Breaking away from its reputation as a home for musicvideos and little else, BET makes a savvy push into more challenging territory with this documentary series, which examines the lives and legends surrounding such notorious figures as Stanley “Tookie” Williams and “Freeway Ricky” Ross. For the most part, the show fulfills its PR pledge to “explore without glorifying and investigate without celebrating,” but it’s nevertheless a clever commercial exercise — exploiting gangsta culture by delving into issues afforded minimal consideration within mainstream TV news.
“American Gangster” opens with Williams, the Crips gang founder executed in California last year, despite his nomination for a Nobel prize and pleas that he redeemed himself by writing anti-gang children’s books on Death Row. It’s followed by a probing look at Ross and the crack cocaine epidemic, including charges that the CIA was complicit in the drug’s spread into the black community, as documented by the late reporter Gary Webb in his controversial (and some would say largely discredited) investigative series, “Dark Alliance.”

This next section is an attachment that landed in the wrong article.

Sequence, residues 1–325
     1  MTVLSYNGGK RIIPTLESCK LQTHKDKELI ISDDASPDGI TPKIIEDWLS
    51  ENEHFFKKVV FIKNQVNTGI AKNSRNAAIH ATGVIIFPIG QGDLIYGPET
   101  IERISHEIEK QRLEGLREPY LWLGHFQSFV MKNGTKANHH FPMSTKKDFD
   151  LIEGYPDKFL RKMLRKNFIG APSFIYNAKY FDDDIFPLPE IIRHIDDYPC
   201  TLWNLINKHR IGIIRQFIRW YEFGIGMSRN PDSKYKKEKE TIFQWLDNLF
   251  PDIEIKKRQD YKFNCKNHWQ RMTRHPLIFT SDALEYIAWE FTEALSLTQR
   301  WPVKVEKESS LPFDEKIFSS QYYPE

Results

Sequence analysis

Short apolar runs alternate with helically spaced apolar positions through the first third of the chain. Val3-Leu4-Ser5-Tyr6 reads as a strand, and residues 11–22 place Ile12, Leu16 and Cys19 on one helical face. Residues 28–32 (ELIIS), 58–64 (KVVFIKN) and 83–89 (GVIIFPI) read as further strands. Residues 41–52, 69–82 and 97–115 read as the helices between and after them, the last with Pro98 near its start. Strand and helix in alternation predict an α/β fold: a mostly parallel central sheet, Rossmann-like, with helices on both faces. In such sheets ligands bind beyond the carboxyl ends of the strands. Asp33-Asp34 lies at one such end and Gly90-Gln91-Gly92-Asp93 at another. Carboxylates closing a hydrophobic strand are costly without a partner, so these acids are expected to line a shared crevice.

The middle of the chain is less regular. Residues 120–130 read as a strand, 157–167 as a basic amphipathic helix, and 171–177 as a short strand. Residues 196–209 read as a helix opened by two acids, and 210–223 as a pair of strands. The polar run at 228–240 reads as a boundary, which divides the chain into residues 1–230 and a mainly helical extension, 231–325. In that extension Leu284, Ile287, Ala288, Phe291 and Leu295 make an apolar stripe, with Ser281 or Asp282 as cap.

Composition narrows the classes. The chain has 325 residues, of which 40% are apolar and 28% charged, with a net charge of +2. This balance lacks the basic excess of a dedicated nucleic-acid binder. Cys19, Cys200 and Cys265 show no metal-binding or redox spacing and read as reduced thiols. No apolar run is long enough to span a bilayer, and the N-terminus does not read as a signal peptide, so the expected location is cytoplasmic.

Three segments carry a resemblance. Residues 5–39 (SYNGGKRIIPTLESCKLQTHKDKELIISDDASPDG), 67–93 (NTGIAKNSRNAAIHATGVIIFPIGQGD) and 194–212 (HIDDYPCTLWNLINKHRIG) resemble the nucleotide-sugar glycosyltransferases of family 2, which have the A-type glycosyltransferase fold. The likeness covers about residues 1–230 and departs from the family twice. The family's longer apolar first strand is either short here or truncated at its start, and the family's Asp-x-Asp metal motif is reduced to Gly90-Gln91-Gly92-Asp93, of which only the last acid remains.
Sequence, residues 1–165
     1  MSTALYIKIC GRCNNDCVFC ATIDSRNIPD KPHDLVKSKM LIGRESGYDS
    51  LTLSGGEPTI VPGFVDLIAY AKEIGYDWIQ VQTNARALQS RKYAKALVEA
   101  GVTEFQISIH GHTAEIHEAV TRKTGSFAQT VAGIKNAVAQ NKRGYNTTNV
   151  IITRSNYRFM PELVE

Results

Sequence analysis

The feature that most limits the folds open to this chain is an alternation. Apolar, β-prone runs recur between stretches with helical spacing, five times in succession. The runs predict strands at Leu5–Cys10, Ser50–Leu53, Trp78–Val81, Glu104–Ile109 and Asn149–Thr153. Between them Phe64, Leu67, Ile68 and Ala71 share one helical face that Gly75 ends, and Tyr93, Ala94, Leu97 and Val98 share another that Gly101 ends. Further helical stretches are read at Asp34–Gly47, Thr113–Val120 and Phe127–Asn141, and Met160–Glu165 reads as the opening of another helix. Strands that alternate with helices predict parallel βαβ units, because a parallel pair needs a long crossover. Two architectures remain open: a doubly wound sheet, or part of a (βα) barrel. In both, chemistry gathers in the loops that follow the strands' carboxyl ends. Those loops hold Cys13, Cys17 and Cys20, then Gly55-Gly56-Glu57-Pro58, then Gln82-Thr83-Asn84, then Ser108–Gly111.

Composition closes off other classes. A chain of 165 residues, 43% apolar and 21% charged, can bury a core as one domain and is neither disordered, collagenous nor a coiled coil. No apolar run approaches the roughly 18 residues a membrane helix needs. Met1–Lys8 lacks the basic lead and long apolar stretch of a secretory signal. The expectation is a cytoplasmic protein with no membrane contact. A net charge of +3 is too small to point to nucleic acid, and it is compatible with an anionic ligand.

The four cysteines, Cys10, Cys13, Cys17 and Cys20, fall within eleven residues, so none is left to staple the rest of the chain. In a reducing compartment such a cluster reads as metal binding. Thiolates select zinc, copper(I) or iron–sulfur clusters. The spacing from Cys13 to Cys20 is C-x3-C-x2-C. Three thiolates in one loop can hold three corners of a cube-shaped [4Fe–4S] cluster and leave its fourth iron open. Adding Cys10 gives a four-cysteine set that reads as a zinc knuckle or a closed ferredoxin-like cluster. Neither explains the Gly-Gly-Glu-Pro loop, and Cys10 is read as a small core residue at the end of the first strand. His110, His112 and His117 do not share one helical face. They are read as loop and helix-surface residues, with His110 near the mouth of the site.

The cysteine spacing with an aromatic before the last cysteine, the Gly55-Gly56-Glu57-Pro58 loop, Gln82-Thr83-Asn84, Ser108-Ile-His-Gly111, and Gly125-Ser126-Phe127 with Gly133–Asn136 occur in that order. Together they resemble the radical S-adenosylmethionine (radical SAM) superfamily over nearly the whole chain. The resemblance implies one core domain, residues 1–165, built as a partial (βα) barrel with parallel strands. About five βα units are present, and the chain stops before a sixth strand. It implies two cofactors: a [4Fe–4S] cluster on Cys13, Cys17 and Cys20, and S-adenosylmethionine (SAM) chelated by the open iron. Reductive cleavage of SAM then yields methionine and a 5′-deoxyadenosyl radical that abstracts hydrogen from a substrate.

Narrated by Ving Rhames, the hours make heavy-handed use of a constant and overwrought musical track to heighten the drama, but stripped of that irritating element, producers Nelson George, Frank Sinton and Steve Michaels have delivered fairly straightforward documentaries complete with an impressive array of interviews and notable clips — including the bizarre sight of Williams, the brutal, muscle-bound gang patriarch, appearing on “The Gong Show.”
The Crips, the narration suggests, became a kind of “surrogate family for orphans of the civil rights movement,” though not without costs, among them stomping a teenager to death and the four murders of which the drug-addled Williams was convicted that landed him in prison.
Similarly, the second installment chronicles the flow of money crack provided as well as its human toll, tackling both the less punitive legal treatment of powder cocaine users and popular conceptions about the role of Reagan-era policies in crack’s “Just say yes” rise.
The five-part project represents a step forward by BET under new management and owner Viacom, after a lengthy period in which the cable net appeared to coast along on carriage agreements without investing much money or effort in original programming. It’s also further proof that whatever a channel’s niche, there’s nothing more unifying and American, seemingly, than the enduring fascination with crime.